Photo credit to Warner Bros.
Despite the negative press and critic reviews, Joker, directed by Todd Phillips, is now the #1 grossing Rated R movie worldwide according to Box Office Mojo. The film is close to topping $1 billion at the box office worldwide, even though it is very uncommon for a Rated R movie to do so.
Joker delves into themes of society, and the difference between the upper class and the lower class, and as a result real-life protests throughout the world have taken inspiration from the film. Protestors have been seen wearing clown makeup. There have been protestors dressed in Joker make-up (in Hong Kong, Lebanon, Iraq, Chile, Bolivia, and Spain.)
Lebanese street artist, Mohamed Kabbani said, “The Joker is us…Beirut is the new Gotham City…This is the Lebanese society situation at the moment, full of underdogs, full of oppressed people that are extremely frustrated and that is looking for a window of hope.” Lebanon has had protests about new taxes on tobacco and voice calls, calling for the resignation of Lebanese president Michel Aoun, and religious separation. For more information, click here.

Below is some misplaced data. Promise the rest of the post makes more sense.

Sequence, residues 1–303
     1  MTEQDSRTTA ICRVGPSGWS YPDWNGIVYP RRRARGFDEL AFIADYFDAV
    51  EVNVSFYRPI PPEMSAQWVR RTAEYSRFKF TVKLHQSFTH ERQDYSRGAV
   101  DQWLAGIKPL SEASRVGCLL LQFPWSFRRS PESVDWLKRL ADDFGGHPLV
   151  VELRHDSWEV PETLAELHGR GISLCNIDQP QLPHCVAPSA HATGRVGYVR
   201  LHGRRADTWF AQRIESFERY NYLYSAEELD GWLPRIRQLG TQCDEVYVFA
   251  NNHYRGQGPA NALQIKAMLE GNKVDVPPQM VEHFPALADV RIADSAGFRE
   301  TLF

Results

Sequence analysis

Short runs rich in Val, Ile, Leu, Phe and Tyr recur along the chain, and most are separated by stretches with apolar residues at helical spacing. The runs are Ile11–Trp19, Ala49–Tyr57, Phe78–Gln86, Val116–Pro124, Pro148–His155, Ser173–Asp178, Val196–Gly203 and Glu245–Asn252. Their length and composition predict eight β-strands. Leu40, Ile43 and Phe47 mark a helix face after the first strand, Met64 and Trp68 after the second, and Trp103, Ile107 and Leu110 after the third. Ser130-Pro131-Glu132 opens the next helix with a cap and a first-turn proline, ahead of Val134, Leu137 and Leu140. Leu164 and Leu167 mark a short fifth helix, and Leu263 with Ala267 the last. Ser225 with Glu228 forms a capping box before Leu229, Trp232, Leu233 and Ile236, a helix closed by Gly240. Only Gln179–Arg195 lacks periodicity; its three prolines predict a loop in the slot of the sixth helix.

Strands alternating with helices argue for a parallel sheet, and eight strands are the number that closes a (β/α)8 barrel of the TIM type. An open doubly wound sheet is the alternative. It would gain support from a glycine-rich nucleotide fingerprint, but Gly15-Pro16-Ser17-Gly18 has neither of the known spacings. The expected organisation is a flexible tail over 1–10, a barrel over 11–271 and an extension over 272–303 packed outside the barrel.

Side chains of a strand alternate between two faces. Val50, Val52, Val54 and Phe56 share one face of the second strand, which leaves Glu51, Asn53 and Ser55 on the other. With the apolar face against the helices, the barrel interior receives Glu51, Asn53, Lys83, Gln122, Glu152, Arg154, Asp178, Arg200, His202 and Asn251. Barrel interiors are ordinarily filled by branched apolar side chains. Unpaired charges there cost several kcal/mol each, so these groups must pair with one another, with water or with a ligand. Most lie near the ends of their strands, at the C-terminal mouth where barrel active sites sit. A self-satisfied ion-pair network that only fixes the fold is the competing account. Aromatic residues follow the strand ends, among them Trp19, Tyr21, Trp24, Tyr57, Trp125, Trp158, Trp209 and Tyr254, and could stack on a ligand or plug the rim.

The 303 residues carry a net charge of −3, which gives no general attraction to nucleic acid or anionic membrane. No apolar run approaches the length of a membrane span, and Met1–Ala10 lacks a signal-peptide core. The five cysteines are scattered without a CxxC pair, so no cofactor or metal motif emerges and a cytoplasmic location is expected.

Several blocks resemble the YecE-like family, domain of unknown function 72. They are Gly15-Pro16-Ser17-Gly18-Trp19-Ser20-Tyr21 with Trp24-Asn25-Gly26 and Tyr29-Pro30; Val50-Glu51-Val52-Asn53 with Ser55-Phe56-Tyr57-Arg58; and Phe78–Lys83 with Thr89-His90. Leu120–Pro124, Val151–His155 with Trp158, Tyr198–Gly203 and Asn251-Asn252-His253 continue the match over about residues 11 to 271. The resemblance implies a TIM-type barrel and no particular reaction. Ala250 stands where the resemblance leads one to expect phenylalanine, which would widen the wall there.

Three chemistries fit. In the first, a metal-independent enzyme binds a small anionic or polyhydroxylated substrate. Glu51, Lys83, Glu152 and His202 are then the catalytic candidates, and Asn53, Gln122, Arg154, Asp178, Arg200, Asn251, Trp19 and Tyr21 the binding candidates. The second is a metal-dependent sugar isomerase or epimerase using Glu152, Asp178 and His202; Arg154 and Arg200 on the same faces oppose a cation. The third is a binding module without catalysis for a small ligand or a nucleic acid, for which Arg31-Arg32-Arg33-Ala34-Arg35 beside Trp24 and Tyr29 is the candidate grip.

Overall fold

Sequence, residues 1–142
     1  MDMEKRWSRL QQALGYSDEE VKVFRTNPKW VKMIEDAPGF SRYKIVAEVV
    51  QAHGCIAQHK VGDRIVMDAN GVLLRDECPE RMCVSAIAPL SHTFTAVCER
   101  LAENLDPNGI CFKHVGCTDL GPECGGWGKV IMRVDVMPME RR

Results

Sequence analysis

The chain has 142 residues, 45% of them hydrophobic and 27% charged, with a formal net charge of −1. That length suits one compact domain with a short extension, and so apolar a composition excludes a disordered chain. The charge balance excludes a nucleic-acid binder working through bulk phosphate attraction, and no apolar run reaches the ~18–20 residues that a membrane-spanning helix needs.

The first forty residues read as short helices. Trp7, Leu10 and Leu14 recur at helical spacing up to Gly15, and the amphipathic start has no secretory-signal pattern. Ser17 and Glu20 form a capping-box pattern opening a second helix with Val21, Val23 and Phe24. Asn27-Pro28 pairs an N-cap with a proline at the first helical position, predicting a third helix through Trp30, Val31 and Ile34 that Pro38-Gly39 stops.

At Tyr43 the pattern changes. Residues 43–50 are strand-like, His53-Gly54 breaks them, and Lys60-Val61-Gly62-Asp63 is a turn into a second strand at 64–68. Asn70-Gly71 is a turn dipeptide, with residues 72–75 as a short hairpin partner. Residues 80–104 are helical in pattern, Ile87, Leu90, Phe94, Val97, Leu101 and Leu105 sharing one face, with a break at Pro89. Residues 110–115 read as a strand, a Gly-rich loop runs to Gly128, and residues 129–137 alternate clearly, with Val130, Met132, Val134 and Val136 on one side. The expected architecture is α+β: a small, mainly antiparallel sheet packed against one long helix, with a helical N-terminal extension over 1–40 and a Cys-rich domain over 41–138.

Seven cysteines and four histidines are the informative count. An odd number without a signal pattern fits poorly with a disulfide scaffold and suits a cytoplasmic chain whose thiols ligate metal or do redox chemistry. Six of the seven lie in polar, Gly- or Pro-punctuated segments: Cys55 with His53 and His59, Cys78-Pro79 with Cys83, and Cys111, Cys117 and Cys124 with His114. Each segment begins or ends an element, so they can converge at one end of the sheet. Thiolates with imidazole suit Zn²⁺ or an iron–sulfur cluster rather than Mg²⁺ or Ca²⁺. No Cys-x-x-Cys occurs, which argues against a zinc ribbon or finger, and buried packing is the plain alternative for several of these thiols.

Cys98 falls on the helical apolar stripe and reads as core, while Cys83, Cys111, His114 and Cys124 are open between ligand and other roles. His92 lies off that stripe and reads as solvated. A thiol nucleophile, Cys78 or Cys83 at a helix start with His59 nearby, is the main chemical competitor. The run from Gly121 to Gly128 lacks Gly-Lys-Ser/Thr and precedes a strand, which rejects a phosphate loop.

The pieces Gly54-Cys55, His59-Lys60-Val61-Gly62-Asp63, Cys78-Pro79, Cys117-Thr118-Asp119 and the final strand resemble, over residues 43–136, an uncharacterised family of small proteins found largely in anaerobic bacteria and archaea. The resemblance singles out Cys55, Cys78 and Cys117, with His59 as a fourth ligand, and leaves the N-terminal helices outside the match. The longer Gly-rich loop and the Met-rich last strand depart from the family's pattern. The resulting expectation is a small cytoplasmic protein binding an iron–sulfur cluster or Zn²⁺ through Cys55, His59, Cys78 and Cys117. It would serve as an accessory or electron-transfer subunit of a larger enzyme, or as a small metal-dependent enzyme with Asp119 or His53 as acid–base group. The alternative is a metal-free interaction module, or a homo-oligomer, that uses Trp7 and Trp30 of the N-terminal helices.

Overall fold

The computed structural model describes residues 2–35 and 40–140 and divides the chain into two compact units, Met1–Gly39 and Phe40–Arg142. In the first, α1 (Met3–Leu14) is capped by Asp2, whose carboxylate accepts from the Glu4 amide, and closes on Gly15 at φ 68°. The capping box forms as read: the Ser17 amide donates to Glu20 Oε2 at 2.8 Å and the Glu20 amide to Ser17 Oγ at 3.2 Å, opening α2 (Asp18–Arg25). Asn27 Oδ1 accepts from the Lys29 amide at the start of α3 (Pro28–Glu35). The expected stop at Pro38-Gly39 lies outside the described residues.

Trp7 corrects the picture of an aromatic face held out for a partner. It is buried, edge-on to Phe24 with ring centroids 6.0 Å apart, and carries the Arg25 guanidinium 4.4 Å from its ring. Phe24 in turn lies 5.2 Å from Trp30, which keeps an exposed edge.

On the critical side of things, Joker is no longer certified fresh on Rotten Tomatoes, one of the biggest review sites, with a score of 69% as of right now. While the audience score is at an 89%. Even though the film does not seem to be a hit with critics, people seem to love it. Acclaimed director Martin Scorsese, who considered directing Joker, said himself that the film was, “remarkable”.
Going along with the controversy, the use of the song called “Rock and Rock Part 2” by Gary Glitter, a former British glam rock singer who is a convicted sex-offender. The songs inclusion caused some uproar, but a representative of Snapper Music, the music label that owns Glitter’s music, said, “(Gary Glitter) is not entitled to, nor have we paid, any royalties.”
Joker is a polarizing film that has caused conflict between fan and critic, inspired protestors, and is making more money every second. It will definitely be a film to keep an eye on.